With overall shorter sleep cycles, parents of infants can expect to wake up every two to three hours, depending on their baby's age.
Before the pandemic, parents reported sleeping an average of 7 hours and 10 minutes every night. After the pandemic's onset, parents surveyed indicated getting just over 6.5 hours of sleep each night, averaging nearly four hours less per week.
Trickle-down sleeping habits
With limited or amended options for schooling and daycare, millions of parents had to make significant shifts in their children's routines to accommodate distance learning and social distancing recommendations. These changes were not only tough for kids.
Forty per cent of parents indicated their children had negatively impacted their sleep during the pandemic, including 37% of men and 43% of women.
Mothers, particularly working mothers, have been harder hit by the pandemic's impact on their home life with changes to child care and distance learning. With few options for leave from their jobs, many women struggled to stay in the workforce at all with the added pressures of their home life.
Parents of younger children, including infants (64%) or toddlers (50%), were more likely to indicate their children have negatively impacted their sleep during the pandemic. In contrast, parents of young teens (34%) and teenagers (30%) were the least likely to report negative changes to their rest cycles. Parents aren't the only ones getting worse sleep.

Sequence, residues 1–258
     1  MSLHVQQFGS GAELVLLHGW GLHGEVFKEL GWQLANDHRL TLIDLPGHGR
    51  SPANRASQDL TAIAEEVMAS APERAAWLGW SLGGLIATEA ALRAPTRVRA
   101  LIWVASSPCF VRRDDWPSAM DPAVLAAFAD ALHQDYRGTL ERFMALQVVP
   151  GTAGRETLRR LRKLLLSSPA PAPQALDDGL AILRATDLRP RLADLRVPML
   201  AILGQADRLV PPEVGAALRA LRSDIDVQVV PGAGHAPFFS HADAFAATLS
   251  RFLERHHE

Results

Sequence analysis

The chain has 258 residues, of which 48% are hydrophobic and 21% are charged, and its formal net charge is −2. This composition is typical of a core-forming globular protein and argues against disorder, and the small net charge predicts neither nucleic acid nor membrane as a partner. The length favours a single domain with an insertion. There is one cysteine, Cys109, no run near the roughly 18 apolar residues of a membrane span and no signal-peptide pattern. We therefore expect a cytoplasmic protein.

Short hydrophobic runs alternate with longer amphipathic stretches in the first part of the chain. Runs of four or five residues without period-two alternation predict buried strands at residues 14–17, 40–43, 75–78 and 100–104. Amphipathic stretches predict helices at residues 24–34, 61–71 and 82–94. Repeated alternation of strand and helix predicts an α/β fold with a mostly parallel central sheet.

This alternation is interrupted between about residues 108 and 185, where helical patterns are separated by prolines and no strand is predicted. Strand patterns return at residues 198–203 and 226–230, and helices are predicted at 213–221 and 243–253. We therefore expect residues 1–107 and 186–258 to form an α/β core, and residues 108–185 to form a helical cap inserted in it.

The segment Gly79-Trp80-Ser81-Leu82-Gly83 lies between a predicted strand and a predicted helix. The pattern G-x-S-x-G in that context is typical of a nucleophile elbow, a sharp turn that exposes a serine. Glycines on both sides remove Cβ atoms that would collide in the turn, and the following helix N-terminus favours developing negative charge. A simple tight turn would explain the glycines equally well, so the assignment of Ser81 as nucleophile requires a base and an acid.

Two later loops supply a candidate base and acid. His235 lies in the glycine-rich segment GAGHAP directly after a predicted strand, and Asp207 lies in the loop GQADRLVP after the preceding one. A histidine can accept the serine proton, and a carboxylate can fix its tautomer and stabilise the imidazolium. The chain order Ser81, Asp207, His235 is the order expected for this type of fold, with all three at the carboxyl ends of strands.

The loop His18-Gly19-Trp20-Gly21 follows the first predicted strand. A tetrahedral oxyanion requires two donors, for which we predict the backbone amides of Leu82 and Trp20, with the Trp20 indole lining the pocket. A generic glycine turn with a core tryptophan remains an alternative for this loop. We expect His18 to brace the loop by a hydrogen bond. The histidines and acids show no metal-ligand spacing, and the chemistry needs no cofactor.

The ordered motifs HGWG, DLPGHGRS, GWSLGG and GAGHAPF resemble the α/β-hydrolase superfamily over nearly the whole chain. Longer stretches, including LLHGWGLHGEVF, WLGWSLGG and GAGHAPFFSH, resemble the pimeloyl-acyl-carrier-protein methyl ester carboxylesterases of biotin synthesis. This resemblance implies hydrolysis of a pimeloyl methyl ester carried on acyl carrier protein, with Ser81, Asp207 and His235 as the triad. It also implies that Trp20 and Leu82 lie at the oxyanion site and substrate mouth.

Twenty-seven per cent of parents said their children's sleep had been hindered during the pandemic, and 22% said their children were getting less sleep overall.
Four in 5 parents admitted their children had picked up a new sleeping habit during the pandemic, including staying up later (40%), struggling to fall asleep (35%), sleeping in later (32%), and using more technology at night (30%).
Challenges of parenting in the pandemic
Parents aren't the only ones stressing out about the pandemic, and one of the best ways to keep kids calm is to maintain as much of their regular routine as possible. Unfortunately, it can be more difficult for parents to create normalcy for their children than you might expect.